Balance Sheet



New Coke

NAFTA brings Mexican Coke to the U.S., where it is stocked and sold at a premium by Latin grocers. Domestic bottlers grumble as their corn syrup concoction languishes, while the cane sugar?sweetened import flies off store shelves.

Cloud City

WiFi networks and appliances continue to disrupt old notions–and pricing–of human communication. Costly cell phone calls might soon be replaced by wireless voice calls made via the Internet.

Liquor Chaser

NASCAR lifts its ban on liquor sponsorship of its race cars. The line between liquor and beer had grown thin indeed with the move of brands like Smirnoff into the near-beer space–and door panels.

Open Sources

The folks behind Wikipedia, the collaborative online encyclopedia, branch out to news gathering. Wikinews lets amateur journalists report the stories of the day; it could develop into a real alt-news source, especially for developing countries.

Credibility Gap

A survey of 50,000 people in 60 countries by Gallup International finds that 63 percent think politicians are dishonest, compared to 43 percent for business leaders. Latin American politicians are the least favored, distrusted by 87 percent of those polled, while the Germans distrust everybody equally.

Bone Collectors

Purdue University researchers find that carbon nanotubes may help joint implants fuse with growing bone cells. Artificial joints that bond tightly with bone are likely to last longer and perform better for patients, doctors say.


Licensee Lock-Up

More than 60 ABC affiliates pre-empt Saving Private Ryan rather than risk fines from the Federal Communications Commission.

Mental Illness

Congress throws $20 million at a program the Association of American Physicians and Surgeons says will lead to public schools' conducting mandatory psychological testing of school kids without parental consent. Critics say the program is just a way for big drug companies to gin up demand for their psychiatric drugs.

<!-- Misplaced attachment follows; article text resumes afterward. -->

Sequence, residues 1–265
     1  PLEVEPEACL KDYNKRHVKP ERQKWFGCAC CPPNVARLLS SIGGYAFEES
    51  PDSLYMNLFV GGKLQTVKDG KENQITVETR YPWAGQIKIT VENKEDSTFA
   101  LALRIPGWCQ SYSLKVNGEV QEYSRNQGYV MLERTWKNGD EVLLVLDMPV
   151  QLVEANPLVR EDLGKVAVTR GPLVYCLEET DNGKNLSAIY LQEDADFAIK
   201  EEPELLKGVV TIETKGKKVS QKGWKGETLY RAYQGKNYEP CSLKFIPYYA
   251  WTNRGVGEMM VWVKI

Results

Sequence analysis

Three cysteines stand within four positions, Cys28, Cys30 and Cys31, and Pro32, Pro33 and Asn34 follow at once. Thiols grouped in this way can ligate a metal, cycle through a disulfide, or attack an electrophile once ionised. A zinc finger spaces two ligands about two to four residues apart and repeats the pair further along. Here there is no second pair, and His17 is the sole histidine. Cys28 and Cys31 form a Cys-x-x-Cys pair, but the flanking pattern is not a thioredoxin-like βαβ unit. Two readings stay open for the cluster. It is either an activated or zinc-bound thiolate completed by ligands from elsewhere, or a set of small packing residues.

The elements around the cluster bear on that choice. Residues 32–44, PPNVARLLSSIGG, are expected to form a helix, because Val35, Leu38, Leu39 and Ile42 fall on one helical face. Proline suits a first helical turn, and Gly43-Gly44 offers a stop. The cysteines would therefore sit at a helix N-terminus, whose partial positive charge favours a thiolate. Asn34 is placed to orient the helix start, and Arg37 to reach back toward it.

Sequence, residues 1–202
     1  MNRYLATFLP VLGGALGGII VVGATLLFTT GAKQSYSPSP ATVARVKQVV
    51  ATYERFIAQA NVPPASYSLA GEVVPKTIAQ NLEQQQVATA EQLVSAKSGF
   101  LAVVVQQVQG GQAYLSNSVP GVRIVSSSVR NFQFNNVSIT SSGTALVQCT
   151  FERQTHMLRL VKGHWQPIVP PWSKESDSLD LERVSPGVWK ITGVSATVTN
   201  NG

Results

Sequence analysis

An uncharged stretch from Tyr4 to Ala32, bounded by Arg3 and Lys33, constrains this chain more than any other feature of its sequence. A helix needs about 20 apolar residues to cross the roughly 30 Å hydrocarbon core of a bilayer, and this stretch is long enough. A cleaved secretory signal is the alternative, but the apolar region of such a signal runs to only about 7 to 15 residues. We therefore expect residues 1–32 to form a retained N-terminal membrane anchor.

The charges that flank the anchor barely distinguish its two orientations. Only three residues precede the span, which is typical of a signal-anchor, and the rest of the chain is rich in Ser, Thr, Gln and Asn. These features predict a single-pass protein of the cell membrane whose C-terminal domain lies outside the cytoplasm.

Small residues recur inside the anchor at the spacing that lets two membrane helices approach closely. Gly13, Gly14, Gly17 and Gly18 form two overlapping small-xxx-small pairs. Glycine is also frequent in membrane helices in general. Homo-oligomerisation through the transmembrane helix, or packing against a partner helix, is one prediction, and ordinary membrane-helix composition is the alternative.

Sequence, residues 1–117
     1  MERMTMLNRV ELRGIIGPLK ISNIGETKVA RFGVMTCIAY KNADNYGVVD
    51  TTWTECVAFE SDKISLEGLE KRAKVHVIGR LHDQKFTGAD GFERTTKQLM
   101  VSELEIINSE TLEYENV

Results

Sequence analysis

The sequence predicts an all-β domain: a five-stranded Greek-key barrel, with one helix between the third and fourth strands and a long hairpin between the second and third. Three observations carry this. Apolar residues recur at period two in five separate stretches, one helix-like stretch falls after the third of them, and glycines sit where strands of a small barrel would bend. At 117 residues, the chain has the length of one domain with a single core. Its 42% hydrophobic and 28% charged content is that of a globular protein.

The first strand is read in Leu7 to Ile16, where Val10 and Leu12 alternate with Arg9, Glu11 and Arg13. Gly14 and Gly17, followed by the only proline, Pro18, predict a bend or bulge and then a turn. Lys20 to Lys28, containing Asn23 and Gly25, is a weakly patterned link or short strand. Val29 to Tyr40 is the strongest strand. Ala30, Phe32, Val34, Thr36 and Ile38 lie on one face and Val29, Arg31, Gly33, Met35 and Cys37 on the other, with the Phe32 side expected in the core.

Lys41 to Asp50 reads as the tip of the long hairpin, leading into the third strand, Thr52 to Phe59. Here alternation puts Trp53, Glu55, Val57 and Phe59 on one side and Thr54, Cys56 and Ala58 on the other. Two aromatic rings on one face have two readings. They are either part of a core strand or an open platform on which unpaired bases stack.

Pittsburgh Stealers

The city of Pittsburgh considers taxing visiting pro athletes to raise cash to pay for public art projects. Art project money was used to pay for the bonds that built the stadiums the players play in, you see.

Big Flub

Boston's $14.6 billion Big Dig highway project is leaking. A state investigation reveals that millions of gallons of water are flowing into the tunnel system from more than 400 leaks. A subsequent Boston Globe report paints an even worse picture: "nearly 700 leaks in a single 1,000-foot section of an Interstate 93 tunnel."

Bases Empty

The Toronto Blue Jays spend $25 million Canadian to buy SkyDome, which cost $580 million to build, much of it public funds. The Blue Jays' first baseman cost the team $23 million last year.

Password: Sucker

A California court finds that a man accused of planting a keystroke monitor on a computer did not violate federal wiretapping laws, since the device was installed between the keyboard and the computer, not on the network.